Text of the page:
In this case the police were convinced that there had been extremist groups plotting against the Government and against private citizens – this made it a matter of national security. Based on this advice they decided that it would not be unreasonable to exercise their inherent discretion to determine their power where it was not limited by Parliament and gather intelligence.

      Now I think that that process of reasoning was fair.

      I do not know much about the actual goings on of extremist Maori, however I am strongly of the opinion that in such circumstances the police (SIS) should have the discretion to gather intelligence without the need to wait around for Judicial authorisation.

      To allege otherwise is to place the rights of potential terrorists (murderers) above the rights of everyone else.

      With respect, I see it as my job to point out constitutional issues where I feel they exist – I am in no way bias, and hold no hostility toward the activists what-so-ever.

    15. By Hayden on Sep 20, 2011 | Reply

      Wonder why we called it the “supreme” court if we weren’t going to allow it to do anything (like make controversial decisions, for example). Perhaps Parliament has a sense of irony?

    16. By lyndon on Sep 20, 2011 | Reply

      I’ll stand corrected for now; thinking about what I’ve seen the BORA questions of unreasonable search and seizure would fit better. Trespass aside, which I haven’t looked into. (Is it in consequence of the former?)

      Now I think that that process of reasoning was fair.

      They don’t. It doesn’t sound like judicial voodoo to me.

      (Me? If they need a warrant for wiretaps they shouldn’t get video for free.

      And as an aside – surely the BORA applies to the actions of state agents, not of criminals.)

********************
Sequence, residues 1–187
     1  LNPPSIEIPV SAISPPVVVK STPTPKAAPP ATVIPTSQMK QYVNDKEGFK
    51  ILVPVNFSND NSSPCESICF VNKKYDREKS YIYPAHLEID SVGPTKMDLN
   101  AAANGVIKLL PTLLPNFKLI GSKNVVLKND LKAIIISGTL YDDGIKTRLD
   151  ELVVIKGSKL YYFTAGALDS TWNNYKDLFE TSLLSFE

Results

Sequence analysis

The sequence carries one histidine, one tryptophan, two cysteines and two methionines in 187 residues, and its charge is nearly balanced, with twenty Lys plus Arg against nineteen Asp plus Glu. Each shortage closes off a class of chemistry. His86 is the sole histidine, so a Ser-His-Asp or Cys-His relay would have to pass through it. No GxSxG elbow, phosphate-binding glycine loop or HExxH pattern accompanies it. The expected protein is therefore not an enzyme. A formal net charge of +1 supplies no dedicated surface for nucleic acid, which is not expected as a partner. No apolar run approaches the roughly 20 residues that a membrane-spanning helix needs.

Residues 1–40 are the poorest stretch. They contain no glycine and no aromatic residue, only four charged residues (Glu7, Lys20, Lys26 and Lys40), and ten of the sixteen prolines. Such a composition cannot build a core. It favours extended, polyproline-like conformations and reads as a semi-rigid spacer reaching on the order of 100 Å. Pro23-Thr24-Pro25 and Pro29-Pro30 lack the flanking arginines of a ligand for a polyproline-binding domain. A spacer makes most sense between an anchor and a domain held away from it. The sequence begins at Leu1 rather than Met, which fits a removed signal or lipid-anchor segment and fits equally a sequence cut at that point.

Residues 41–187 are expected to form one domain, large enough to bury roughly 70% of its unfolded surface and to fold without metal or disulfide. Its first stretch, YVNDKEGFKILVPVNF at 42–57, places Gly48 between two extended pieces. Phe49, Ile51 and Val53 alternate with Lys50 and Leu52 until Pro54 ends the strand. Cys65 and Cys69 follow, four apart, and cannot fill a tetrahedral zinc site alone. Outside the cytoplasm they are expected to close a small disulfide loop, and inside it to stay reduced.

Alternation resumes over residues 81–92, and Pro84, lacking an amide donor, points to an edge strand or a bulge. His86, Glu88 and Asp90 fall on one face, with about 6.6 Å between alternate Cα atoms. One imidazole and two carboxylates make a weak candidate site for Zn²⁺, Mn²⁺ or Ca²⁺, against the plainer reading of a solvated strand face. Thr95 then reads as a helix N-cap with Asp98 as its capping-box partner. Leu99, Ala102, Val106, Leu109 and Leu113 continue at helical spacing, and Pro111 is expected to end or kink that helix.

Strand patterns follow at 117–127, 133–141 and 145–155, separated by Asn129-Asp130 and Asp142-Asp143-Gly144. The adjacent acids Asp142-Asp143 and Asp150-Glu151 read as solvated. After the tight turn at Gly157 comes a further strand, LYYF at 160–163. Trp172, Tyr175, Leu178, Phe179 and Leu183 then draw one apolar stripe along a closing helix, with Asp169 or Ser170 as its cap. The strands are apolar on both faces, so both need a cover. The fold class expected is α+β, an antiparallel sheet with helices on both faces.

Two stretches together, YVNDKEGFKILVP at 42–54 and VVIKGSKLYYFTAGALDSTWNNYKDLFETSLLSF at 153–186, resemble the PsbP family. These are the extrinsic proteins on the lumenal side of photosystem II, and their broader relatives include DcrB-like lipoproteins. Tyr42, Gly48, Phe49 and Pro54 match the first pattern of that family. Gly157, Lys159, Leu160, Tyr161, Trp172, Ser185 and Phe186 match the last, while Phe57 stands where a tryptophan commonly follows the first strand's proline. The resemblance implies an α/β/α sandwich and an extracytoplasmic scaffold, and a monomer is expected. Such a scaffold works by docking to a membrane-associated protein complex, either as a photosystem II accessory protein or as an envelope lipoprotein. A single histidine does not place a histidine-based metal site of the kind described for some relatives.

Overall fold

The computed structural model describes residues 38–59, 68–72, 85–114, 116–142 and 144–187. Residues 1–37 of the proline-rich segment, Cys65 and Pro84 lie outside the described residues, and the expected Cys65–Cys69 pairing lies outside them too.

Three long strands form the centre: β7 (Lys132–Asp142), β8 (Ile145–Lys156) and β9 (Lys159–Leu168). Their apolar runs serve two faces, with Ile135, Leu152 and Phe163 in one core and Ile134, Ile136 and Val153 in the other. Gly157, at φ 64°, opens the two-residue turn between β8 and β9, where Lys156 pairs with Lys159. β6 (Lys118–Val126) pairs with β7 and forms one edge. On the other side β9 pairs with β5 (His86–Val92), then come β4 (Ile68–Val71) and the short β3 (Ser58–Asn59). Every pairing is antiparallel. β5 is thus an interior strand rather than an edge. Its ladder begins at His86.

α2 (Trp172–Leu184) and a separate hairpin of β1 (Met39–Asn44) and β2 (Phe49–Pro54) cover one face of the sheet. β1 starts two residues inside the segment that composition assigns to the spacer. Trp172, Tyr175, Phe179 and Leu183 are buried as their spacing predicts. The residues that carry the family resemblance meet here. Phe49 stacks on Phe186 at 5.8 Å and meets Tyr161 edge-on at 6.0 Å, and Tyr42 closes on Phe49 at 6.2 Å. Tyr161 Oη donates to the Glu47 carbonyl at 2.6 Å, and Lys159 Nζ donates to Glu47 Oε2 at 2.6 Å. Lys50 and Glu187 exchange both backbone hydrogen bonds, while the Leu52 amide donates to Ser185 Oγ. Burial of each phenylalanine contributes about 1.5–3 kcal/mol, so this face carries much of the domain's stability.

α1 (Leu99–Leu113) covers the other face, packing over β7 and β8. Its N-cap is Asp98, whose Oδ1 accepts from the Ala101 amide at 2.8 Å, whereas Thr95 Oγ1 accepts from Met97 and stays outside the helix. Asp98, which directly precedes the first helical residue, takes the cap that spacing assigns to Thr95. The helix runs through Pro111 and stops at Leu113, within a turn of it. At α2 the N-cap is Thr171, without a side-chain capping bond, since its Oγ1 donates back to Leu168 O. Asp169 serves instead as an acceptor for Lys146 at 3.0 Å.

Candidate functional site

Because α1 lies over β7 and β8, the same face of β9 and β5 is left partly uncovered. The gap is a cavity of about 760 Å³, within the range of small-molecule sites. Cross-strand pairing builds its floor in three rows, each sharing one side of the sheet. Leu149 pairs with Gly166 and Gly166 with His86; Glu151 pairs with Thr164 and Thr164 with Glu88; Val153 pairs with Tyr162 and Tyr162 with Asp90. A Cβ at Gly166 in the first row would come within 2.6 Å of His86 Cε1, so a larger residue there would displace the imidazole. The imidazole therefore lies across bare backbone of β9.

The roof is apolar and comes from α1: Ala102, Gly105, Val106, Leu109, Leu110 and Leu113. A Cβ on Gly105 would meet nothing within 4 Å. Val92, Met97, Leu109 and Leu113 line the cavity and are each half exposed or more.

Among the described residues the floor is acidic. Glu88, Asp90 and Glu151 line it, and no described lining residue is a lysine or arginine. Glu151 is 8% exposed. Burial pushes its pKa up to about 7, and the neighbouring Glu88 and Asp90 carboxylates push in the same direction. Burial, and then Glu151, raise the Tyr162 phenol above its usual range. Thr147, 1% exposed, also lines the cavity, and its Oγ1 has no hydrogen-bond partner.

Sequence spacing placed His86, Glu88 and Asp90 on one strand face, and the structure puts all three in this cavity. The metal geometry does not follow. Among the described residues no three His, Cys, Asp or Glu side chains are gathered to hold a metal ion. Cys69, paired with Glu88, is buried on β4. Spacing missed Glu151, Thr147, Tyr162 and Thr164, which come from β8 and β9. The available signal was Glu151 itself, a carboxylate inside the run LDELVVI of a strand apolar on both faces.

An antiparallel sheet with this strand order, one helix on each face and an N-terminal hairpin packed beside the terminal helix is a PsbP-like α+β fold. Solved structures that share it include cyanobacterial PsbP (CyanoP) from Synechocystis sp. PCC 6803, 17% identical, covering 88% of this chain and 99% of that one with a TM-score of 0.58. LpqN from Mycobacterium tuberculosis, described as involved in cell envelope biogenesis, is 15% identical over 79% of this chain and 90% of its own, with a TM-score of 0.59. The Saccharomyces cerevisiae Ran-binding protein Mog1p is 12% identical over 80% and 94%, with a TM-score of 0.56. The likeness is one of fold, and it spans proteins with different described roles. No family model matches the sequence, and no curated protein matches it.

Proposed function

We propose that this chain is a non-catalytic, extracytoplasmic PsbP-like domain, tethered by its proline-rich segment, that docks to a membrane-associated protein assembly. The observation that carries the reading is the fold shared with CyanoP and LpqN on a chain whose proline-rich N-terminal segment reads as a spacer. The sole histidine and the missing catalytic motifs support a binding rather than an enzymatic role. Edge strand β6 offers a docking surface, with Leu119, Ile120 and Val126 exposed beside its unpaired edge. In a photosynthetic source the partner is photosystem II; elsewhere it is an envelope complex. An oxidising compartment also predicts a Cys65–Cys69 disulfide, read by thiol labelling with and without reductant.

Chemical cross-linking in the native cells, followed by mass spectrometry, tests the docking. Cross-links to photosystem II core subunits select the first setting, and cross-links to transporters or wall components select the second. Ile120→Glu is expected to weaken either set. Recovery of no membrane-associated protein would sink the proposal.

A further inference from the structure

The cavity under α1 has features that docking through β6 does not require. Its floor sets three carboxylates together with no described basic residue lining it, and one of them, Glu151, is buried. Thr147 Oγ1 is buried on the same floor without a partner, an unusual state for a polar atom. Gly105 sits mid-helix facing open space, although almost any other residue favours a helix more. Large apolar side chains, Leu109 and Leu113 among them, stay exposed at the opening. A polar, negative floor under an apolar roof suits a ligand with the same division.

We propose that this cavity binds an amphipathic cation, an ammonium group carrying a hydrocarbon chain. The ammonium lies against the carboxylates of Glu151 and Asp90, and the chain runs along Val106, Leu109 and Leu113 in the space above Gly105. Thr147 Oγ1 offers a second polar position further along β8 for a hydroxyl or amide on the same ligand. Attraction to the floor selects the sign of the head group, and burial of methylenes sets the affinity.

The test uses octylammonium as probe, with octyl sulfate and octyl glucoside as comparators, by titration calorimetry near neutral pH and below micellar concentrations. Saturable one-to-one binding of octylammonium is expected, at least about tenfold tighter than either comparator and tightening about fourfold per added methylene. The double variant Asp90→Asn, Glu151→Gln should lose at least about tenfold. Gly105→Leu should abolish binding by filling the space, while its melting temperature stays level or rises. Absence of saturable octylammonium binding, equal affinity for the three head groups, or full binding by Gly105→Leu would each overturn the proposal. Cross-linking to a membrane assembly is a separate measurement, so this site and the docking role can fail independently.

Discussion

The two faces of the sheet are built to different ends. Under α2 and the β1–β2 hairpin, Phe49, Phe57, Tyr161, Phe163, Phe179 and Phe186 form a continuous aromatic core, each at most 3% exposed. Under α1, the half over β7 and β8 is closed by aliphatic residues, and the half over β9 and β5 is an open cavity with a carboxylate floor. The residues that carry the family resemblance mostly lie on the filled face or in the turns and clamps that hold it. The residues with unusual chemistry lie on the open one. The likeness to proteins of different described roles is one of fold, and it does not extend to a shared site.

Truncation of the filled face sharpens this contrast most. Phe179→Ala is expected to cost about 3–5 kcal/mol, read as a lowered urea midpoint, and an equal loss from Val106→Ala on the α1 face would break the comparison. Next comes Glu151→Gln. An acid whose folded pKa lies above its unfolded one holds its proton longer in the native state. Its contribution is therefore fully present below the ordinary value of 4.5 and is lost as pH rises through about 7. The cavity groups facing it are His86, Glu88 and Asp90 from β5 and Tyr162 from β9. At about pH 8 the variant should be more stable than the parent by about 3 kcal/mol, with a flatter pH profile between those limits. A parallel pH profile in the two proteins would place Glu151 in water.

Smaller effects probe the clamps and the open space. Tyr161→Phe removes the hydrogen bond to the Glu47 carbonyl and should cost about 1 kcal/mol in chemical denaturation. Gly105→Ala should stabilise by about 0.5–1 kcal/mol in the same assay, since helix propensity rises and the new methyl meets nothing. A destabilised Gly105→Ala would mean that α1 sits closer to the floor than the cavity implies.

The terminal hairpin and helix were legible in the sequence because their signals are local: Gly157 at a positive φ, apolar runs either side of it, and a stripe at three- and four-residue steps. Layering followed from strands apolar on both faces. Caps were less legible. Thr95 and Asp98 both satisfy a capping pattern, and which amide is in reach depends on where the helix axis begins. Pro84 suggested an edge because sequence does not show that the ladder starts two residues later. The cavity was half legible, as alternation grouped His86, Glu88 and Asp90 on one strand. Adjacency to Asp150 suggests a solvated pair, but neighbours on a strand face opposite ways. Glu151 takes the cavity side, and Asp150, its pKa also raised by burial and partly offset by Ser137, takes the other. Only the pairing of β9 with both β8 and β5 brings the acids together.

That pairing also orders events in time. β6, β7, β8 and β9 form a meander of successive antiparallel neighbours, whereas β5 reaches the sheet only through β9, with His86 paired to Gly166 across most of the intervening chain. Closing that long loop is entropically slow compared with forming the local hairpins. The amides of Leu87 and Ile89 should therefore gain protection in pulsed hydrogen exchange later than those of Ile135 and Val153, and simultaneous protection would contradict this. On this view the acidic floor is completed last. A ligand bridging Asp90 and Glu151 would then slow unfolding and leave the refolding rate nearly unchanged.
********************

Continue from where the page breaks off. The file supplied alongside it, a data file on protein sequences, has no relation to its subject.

At any rate, you seem to be at odds with the whole bench on that? (And with every spokeslawyer I follow on the local webs.) They differed on whether the evidence, despite the taint, was admissible in the various cases.

    17. By Cam on Sep 20, 2011 | Reply

      Welcome Hayden,

      Good question, but easily addressed: It is called the Supreme Court because it is supreme to all other courts in the judicial hierarchy. This fact often confuses people: The judicial hierarchy exists separately to the Legislature and the Crown (executive).

      Basically, the Legislature has the most power of all the bodies (the most SUPREME branch or government).

      I don’t want to lecture you, just thought I’d have a go at explaining precisely why the decision is wrong.

      First: In this case the Legislature made a series of laws which the executive (police) must abide by. In the legislative they omitted to mention some things (too much detail would make the law too hard to follow and understand).

      Next, the Police became worried that terrorists had been training in the Ureweras and decided to act to counter the threat. They decided the best way to do this was to use surveillance – they would have certainly looked at the law to make sure that they were following procedure. There is no point in making investigations unless due process is followed (the police know this).

      Now: the prosecution would like to use the footage of the alleged criminals in a trial against them. The idea is that the jury will be able to look at the footage and determine whether the accused are guilty.

      BUT the defence counsel raised an objection to the use of the evidence on some truly rubbish grounds (I’ll bet they are as surprised as I am that they could pull it off).

      The usual procedure would be for the SC to make a determination based on precedent and based on purely legal ‘judgment’ – this case presents a poisonous and very worrying political element.

    18. By Joe Blow on Sep 20, 2011 | Reply

      @ Cam

      I would just like to start by congratulating the Supreme Court on fulfilling its role as the bastion of the rule of law. No one can accuse it of being a mere extension of the crusty old Court of Appeal now! Bravo!

      I’m surprised that someone who calls themself a constitutional lawyer can miss the point that not everyone views the judiciary’s ultimate role as being one where they perform their duties much like a bunch of sheep or views the New Zealand Bill of Rights as being anything but a transformative instrument.

      You claim that the law has been changed by the Supreme Court, but I see an awful lot of reference to the “previous” common law in the the Supreme Court decision above. Tell me, if no legislation existed in relating to the use of covert surveillance, what was the “settled” common law on the legality and reasonableness relating specifically to covert surviellance before the Supreme Court supposedly changed the law?